Remember, in our lab, all our subnets are quite small as we don’t need lots of addresses. In a production OCVS deployment, this subnet should be sized to leave enough spare addresses for things like this.

Finding a spare address

There are currently four addresses in use on our Uplink VLAN, not all immediately visible. Those addresses are:

  • The Uplink VLAN’s gateway address (the “next-hop” in the T0’s default route).
  • The two T0 Gateways’ Interface addresses (remember we have an active/standby HA pair).
  • The T0 Gateway’s (dot-130) VIP address.

So, now we can set about allocating an address for our workload VMs. In this example, we’ll use the last address in the subnet. In production, we should check with the network designer or architect to see if they have a model for allocating different address “types” from a subnet. We will allocate `` to our workload VM.

We’ll create the External Access IP Address on the Uplink-1 VLAN and choose that address when prompted. This will give us an OCID too, which the Internet Gateway will use to route traffic towards the workload VM. We do that on the OCI Console’s VLAN details page using the big blue “Add External Access” button we saw earlier. Pressing that button gives us the dialog below (confusingly with another “Add External Access” button, which this time means “Save”).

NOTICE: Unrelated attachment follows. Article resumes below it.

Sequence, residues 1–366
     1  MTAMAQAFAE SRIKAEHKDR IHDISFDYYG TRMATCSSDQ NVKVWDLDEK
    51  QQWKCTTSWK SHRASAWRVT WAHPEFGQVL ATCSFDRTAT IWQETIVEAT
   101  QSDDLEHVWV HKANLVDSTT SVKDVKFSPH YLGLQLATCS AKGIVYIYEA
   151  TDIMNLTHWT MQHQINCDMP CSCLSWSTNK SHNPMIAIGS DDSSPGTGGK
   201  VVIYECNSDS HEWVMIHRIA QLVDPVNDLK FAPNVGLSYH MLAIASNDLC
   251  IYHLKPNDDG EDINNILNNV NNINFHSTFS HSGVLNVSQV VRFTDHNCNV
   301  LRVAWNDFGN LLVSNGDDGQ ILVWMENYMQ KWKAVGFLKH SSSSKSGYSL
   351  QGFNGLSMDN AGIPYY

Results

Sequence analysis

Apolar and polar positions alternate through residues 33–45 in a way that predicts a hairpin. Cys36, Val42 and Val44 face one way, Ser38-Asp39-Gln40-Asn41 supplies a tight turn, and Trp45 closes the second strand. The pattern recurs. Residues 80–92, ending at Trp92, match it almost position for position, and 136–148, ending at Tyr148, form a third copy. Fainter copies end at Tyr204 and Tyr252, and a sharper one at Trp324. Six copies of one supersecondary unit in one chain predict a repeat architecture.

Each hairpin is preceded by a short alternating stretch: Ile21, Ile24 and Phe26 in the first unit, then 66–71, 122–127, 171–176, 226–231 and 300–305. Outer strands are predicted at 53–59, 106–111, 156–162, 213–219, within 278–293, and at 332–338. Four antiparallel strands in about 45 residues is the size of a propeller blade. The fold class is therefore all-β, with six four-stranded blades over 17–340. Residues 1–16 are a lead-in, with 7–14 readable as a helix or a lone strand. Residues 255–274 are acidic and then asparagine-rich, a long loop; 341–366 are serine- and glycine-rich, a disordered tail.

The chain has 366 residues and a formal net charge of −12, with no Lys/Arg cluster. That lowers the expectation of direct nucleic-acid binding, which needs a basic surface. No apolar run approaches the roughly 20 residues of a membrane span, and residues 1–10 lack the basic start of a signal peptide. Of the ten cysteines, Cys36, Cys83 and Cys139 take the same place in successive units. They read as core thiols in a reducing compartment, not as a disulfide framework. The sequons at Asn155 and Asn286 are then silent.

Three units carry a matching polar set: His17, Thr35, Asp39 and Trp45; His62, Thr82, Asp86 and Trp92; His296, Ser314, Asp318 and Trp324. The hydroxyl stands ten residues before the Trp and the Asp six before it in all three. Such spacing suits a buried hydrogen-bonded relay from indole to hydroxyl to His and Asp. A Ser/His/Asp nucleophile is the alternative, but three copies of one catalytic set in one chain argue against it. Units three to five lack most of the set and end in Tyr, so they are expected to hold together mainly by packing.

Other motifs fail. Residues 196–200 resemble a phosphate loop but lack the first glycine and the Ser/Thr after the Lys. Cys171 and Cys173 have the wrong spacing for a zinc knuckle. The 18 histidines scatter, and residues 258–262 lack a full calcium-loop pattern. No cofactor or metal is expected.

From the diagram we can see the main areas of the form, which are:

  1. We can use “Route Target Only” if we just need internal “on-net” access, but for our specific use case, we’ll select the “Public Access” option. Without selecting this, the bottom, “Public Address” section is hidden. This will give us a place to assign the Public IP address which the Internet Gateway will need from us.
  2. In the “Private IP Address” field we’ve entered a name, in this case showing the workload VM’s real IP address, but that’s just to help operationally. We could enter anything we wanted in that field. Below it is the IP address from the Uplink VLAN’s subnet which we selected for this VM.
  3. Here we see a drop-down where we can pick an existing OCI Public Address we already have assigned to us but not currently in use. Or, selecting the “Create New” radio button we would be prompted to enter a name for the new Public Address which OCI would allocate for us, like this.

Submitting this (with that second blue button) takes us back to the VLAN details page where we can see our new External Access IP, and its newly assigned Public IP Address in the list!

`We said we needed three IP addresses to make this work, and they were:

  • The actual address of our workload VM on the SDDC Logical Segment –
  • The “intermediate” address on the Uplink VLAN’s IP Subnet (and its OCID) –
  • The Public IP Address –